Smart Project Space


18 Feb - 22 Apr 2012

Aernout Mic, Middlemen, 2001
Claire Fontaine, Igor Grubic, David Haines, Aernout Mic
18 February - 22 April, 2012

What happened to the century that trusted in the future? The exhibition presents work by artists who demonstrate the enduring power of art to play an active role in heightening political consciousness. These stark works create a space in which power and truth can be considered objectively, using art to document history, to construct a narrative and encourage serious reflection on the causes and consequences of events at the same time as narrating a deeply personal story.

The installation CAPITALISM KILLS LOVE by the French duo Claire Fontaine consists of a neon sign which occupies the whole space. The sign is written in a font called “K”, which takes its name from the Central European author Franz Kafka. It was designed as a tribute to him and to his unfinished work AMERIKA which anticipated the political frangibility of the West and of the American Dream.

The installation EAST SIDE STORY by Igor Grubić is based on the events that took place in the streets of Belgrade (2001) and Zagreb (2002) during gay pride parades, in which the demonstrators were exposed to a verbal and physical lynching at the hands of organised neo-Nazi groups, and passers-by. The work consists of a two-channel video installation: on one screen we see TV footage of alternating scenes of violence from the two cities, and on the other a re-enactment, in dance, of these events performed by a dance group from Zagreb. The dramaturgic structure of the work focuses on the media representation of real events, foregrounding distressing and frightening scenes of violence, which constitute a warning that extreme nationalism, in the absence of an immediate “threatening” ethnic Other, finds a new victim in the shape of “internal enemy”, embodied by sexual minorities in this case. The dancers on the other screen perform individually and as a group, giving their own interpretation of the events and imitating certain gestures and scenes from the TV footage; a catharsis -of sorts- for the viewer.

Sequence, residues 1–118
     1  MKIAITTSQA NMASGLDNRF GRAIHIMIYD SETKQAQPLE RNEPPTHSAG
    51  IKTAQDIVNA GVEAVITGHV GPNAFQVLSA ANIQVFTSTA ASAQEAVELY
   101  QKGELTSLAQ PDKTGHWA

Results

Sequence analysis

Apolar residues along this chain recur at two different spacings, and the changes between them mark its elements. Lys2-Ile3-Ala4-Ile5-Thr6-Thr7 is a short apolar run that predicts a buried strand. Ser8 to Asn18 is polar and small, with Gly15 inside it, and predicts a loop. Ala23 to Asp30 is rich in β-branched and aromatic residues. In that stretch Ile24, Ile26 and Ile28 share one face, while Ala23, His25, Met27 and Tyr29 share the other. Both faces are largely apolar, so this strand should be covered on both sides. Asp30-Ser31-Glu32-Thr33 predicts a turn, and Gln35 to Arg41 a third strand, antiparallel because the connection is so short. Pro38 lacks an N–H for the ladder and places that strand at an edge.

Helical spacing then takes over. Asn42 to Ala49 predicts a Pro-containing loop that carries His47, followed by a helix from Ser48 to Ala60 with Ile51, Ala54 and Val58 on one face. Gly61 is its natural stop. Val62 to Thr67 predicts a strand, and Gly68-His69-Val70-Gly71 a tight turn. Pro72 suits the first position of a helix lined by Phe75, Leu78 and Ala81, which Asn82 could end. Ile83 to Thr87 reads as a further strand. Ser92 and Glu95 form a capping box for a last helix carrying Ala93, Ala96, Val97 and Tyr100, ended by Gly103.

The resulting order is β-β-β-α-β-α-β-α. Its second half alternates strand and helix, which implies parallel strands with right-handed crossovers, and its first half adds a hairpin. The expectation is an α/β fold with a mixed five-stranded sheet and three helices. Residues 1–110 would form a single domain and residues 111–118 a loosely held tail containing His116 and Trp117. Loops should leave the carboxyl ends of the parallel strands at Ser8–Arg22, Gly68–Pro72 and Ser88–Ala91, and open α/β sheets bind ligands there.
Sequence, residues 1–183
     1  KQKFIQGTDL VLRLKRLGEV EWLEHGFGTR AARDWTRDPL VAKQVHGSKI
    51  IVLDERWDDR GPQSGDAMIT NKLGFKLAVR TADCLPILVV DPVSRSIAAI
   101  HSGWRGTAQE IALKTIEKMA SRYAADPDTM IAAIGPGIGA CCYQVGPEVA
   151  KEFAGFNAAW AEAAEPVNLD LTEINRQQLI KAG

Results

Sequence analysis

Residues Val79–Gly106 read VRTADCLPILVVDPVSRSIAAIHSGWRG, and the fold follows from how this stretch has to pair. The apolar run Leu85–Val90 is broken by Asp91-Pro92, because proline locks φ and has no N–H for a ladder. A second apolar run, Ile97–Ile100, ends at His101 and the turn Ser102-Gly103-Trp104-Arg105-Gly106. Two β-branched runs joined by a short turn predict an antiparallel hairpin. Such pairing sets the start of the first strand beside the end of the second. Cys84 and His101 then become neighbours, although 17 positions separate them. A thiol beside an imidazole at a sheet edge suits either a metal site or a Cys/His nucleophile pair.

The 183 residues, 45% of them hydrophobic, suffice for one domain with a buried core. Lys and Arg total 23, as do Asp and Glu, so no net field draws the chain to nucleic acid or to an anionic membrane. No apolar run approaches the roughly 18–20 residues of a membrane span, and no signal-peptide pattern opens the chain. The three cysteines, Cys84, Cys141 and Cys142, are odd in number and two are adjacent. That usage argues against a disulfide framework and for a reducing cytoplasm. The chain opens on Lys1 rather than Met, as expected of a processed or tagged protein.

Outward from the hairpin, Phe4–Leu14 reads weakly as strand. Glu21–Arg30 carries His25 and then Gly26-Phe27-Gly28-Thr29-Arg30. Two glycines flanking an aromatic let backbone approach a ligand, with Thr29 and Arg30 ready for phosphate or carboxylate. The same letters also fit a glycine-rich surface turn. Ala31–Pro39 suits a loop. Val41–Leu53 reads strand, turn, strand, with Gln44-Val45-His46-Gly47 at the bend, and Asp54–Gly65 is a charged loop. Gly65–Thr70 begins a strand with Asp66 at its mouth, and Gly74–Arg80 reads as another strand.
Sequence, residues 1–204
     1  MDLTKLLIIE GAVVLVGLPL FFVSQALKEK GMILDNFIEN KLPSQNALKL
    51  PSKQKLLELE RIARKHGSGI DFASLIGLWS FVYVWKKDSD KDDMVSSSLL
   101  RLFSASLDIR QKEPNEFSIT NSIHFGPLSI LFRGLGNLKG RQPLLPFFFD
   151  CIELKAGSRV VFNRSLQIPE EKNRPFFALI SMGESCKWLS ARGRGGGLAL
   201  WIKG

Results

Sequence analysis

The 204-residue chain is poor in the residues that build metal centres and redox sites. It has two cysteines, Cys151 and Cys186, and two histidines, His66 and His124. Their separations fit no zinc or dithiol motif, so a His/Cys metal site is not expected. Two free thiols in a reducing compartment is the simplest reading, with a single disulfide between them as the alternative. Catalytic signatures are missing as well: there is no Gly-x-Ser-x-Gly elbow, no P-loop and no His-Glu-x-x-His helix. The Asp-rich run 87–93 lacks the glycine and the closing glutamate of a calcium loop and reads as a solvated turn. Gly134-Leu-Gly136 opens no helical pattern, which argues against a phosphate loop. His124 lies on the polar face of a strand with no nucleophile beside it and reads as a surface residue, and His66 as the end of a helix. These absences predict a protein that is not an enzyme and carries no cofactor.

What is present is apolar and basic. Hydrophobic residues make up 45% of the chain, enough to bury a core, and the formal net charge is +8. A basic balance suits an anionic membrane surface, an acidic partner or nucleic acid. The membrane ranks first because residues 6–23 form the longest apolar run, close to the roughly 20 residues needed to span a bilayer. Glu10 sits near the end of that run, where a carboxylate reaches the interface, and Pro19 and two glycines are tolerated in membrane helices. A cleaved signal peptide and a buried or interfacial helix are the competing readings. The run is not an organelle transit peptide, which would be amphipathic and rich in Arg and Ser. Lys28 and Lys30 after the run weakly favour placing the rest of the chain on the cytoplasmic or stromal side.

David Haines' allegorical musical video BIG MAC VS THE HONEY MONSTER (2010) is a disturbing and confined portrayal of a microcosm of a group of men, set in the inner sanctuary of an abattoir. The musical's text was taken directly from an article found in the British ' Daily Express' Newspaper. It stances on the already-controversial subjects of human nature and individual welfare versus the common good and resounds with implications far beyond the bounds of the abattoir, exploring problems and questions universal to the human experience.

The installation MIDDLEMEN (2001) by Aernout Mik has gained further strength and resonance in light of the financial crises of recent years. MIDDLEMEN depicts a stock market floor turned economic wasteland. A few suited men and women seem to meander about; some grimly slouched on the floor with a few scraps of paper in their hands. Made in 2001, the piece seems an eerie premonition of our current economic situation.

Exhibitions and parallel events are supported by the Mondriaan Foundation, Municipality of Amsterdam, The Netherlands Fund for Performing Arts and Amsterdam Fund for the Arts.

Tags: Claire Fontaine, Igor Grubic, David Haines, Aernout Mik